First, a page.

Remember him? Many expected to see the young righty in Kansas City all year, and some maybe even drafted him, though it's likely they dropped him already. Well, the No. 1 overall pick from the 2006 Draft is off to a 3-0, 1.89 ERA start at Triple-A, making an early claim that he'll be ready for another shot soon. If you think Sidney Ponson and/or Kyle Davies are the answer, then ignore this. If, instead, you're somewhat rational, you'll want to watch to see how Hochevar does because he could get the call back to the bigs in short order.
Lisa's pick: Tommy Hanson, RHP, Braves
How is it possible we haven't written about Atlanta prospect Tommy Hanson here yet? Though he's already suffered more than his share of tough-luck losses for Triple-A Gwinnett, that's been the only negative so far. In four starts, he owns a 2.18 ERA, 29 strikeouts in 20 2/3 innings and a .205 batting average against. For now, there is no need to start his clock since the Atlanta rotation has been solid, but when the time comes to summon someone from Gwinnett, it would be a shock if it's not the 6-foot-6 right-hander.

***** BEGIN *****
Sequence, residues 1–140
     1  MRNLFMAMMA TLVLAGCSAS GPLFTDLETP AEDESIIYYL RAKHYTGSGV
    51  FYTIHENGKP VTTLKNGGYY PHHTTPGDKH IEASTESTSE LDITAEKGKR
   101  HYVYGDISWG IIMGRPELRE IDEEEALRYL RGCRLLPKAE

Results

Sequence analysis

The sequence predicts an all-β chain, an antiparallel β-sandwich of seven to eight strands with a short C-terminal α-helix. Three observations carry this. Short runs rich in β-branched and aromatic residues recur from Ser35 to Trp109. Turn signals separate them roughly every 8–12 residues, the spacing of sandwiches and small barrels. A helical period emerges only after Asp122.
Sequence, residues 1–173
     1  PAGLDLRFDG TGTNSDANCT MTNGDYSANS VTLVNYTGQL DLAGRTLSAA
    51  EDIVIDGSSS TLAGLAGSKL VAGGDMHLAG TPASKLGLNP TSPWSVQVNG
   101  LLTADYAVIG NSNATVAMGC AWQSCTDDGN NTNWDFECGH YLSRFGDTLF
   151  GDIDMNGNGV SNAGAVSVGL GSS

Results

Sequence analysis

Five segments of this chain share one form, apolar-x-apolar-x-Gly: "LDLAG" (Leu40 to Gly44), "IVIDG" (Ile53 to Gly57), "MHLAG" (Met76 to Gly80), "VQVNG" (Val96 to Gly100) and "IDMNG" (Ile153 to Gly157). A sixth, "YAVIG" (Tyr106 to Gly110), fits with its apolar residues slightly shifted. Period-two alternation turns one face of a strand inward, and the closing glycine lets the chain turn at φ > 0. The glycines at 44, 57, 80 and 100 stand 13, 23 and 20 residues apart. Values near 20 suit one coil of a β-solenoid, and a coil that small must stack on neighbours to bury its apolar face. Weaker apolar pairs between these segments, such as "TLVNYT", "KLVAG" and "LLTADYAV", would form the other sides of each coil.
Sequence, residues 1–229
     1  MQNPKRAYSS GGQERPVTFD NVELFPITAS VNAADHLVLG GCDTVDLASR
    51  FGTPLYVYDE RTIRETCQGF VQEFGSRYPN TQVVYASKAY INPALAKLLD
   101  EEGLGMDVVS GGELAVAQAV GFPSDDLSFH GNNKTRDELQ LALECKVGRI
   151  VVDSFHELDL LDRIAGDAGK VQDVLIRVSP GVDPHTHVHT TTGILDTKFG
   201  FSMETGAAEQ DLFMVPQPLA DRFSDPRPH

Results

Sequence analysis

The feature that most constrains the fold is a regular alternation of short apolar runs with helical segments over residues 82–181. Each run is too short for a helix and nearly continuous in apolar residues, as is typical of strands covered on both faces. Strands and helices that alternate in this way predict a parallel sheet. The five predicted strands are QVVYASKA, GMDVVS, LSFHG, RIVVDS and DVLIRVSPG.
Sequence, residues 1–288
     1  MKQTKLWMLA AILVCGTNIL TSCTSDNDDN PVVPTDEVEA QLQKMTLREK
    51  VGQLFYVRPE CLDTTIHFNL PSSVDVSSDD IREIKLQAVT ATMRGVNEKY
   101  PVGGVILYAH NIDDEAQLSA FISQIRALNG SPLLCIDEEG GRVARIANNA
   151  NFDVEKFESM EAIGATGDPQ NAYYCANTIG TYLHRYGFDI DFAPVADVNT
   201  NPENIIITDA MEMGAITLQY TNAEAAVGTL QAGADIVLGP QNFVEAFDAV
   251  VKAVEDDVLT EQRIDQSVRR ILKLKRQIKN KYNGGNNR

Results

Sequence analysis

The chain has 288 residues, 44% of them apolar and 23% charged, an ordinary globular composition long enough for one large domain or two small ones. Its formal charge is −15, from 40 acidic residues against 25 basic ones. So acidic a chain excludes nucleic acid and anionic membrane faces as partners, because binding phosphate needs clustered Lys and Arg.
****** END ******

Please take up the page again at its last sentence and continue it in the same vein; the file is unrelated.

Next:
A year away
Jonathan's pick: Kasey Kiker, LHP, Rangers
The aforementioned Holland and Neftali Feliz get most of the ink when it comes to the Rangers' pitching prospects, and rightfully so. But this is a deep organization and under-the-radar guys like Kiker should not be ignored. Pitching at Double-A at age 21, the club's top Draft pick from '06 owns a 2.65 ERA through three starts. The Texas League has hit just .150 against the young lefty, who's shown his dominant stuff by fanning a batter per inning. The Rangers have brought Kiker along slowly, but he's just about ready to take off, giving the club an embarrassment of riches in the young pitching department. And I've heard the Rangers sometimes need a little pitching help.
Lisa's pick: Sean West, LHP, Marlins
West seemingly belongs in this category, but he could also emerge as a "phone call away" candidate. The 6-foot-8 southpaw was in the mix to replace injured lefty Andrew Miller, but Graham Taylor, his slightly older rotation mate, got the nod instead. West has a 3.68 ERA in four starts at Double-A Jacksonville, with seven walks and 28 strikeouts over just 22 innings. That said, the organization is taking it slow with the 2005 first-round pick, who missed all of '07 with shoulder trouble. Given the wealth of talent in the upper levels of the system, it would be tough to knock the Marlins if they decide to keep West on the farm for the year.